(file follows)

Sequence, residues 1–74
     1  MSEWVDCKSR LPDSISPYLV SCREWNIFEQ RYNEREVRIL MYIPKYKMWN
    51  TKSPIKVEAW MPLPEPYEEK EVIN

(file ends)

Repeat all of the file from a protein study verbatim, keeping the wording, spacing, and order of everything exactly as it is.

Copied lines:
Sequence, residues 1–74
     1  MSEWVDCKSR LPDSISPYLV SCREWNIFEQ RYNEREVRIL MYIPKYKMWN
    51  TKSPIKVEAW MPLPEPYEEK EVIN